You definitely need beta readers (average readers) from your target audience but expand that to others who want to read it. The bigger the cross-section of feedback the better.

Feedback:

Be clear up front that ‘it was really good’ is not the feedback you’re looking for. What I found useful was knowing:

o   whether it made them want to fall asleep or keep turning pages?

o   if they cared about the characters and were they believable?

o   whether they were cringing during the steamy scenes or did they rock?

o   if the story made sense and what didn’t?

o   what parts that took them out of the story?

I’m working on incorporating the feedback I’ve received and will then put it out to another round of beta readers.

Lessons:

Not everyone is going to like every bit of your story. That’s okay. It’s your baby, your masterpiece, your opus – it hurts. Then let it go! You don’t have to agree with everything your beta readers’ comment on but you should consider it. If it hits a nerve, they’re probably right.

Remember, you want your story to be the best it can be.

Posted in work in progress 2019

Talking, not writing.

This quote, by Franklin P. Jones, greeted me as I walked into the library today with my laptop, ready to write. 

Of course I talk to myself. Writing can be such a solitary activity. Who better to bounce ideas off then yourself?

It’s when your characters start having ideas of their own that it gets crowded. Imagine what it’s like for authors who have hundreds of characters vying to be heard, pitching their storylines?

Eeek!

 

Posted in work in progress 2019

Starting with a Synopsis

While my manuscript of The Beach is out with Beta Readers (the calm before a storm of rewrites), I’ve started my next writing project.

Although the word ‘synopsis’ can be scary I knew that it was the right way to begin.

A few years ago I went to a great Writing a Synopsis course run by Laurel Cohn at the NSW Writers Centre (now called Writing NSW).

Up until that day, I thought a synopsis was something you wrote when the manuscript was all finished, polished and ready to be sent out to publishers.

Nope.

According to Laurel, you should write it ‘as soon as possible and often’ as it ‘can help you focus your intentions and vision for the project.’

Synopsis writing is hard. To encapsulate the main points of your novel in less than a page is daunting. Making it ‘work’ and read like something that ‘sells’ your story, challenging!

So I wrote a synopsis to take to my Writers Group. It was a way to make myself accountable. If I took the synopsis, then of course I needed to follow up with the writing.

It didn’t matter that my synopsis was rough or even more like an ‘outline’. It was a start. It raised questions, provoked discussion and best of all got the words and ideas pouring out.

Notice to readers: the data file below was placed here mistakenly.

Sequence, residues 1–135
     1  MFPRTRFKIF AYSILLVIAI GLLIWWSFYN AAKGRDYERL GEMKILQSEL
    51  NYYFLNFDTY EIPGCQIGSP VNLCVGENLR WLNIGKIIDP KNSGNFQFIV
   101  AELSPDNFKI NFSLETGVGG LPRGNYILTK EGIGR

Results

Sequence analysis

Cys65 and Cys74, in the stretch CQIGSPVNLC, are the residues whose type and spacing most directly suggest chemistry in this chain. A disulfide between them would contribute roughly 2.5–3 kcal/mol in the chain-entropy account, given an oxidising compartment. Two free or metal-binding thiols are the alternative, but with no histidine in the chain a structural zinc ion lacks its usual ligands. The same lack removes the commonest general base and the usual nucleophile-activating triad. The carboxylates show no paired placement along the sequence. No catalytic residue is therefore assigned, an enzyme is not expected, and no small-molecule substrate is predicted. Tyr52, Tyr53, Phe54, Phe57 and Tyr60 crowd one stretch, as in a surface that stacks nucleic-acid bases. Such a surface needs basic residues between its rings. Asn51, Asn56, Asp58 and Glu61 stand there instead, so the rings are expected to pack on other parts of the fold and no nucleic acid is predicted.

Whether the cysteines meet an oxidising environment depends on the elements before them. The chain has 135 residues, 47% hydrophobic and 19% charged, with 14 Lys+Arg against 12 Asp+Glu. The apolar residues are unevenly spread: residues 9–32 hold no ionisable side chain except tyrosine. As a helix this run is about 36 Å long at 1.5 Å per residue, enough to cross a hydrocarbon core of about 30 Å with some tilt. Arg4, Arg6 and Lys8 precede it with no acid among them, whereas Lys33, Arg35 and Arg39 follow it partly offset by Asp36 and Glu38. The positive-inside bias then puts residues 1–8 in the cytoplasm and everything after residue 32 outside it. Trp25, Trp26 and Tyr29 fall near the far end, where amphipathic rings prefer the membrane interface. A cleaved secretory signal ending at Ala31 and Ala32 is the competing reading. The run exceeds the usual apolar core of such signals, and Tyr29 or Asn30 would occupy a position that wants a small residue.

Already, I’m recrafting the next version of the synopsis in my head.

By the time I’ve finished a first draft of this new writing project, I intend to have rewritten the synopsis over and over.

As Laurel pointed out ‘… just as the craft of writing a book-length work requires practice, practice and more practice, so does the craft of writing a synopsis.’

Posted in Books

Fiction vs Self improvement (or The Deckchair Divide)

The holiday poolside reading scene has apparently evolved in my absence. Paperbacks and magazines have been replaced by kindles and mobile phones. Non-fiction/self-improvement reads are just as popular as fiction.

On holiday, I counted a mere eight actual books being read poolside. This was over a six day period! There were so many people. Where have all the paperbacks gone?

I spotted three kindles and I’m not being rude but kindles have no spine. It’s a fact. So I can’t report what they were reading.

Everyone else (and there was no upper or lower age limit) was tapping away on their mobile phones. Seriously? On a deckchair, in the sun, under palm trees, by a lagoon like pool?

Call me crazy but I prefer to be ‘out of touch’ on holiday.

I brought two real books along to read: some light fiction which I never opened and The Happiness Project by Gretchen Rubin.

It’s a month by month account of everything she tried in the pursuit of finding and understanding how to be happier. Each month has a theme and a purpose. It’s funny, relatable and perfect for a relaxing holiday read plus she does great research.

Other books I spotted getting some sun were the latest novels from Liane Moriarty, Daniel Silva, Michael Robotham and Lauren Weisberger (of Devil Wears Prada fame).

Just as many people were reading non-fiction:

–          Why Mummy Drinks by Gill Sims

–          Let My People Go Surfing by Yvon Chouinard

–          The Subtle Art of Not Giving A F*ck by Mark Manson

My 2019 ‘to read’ list just got a little longer.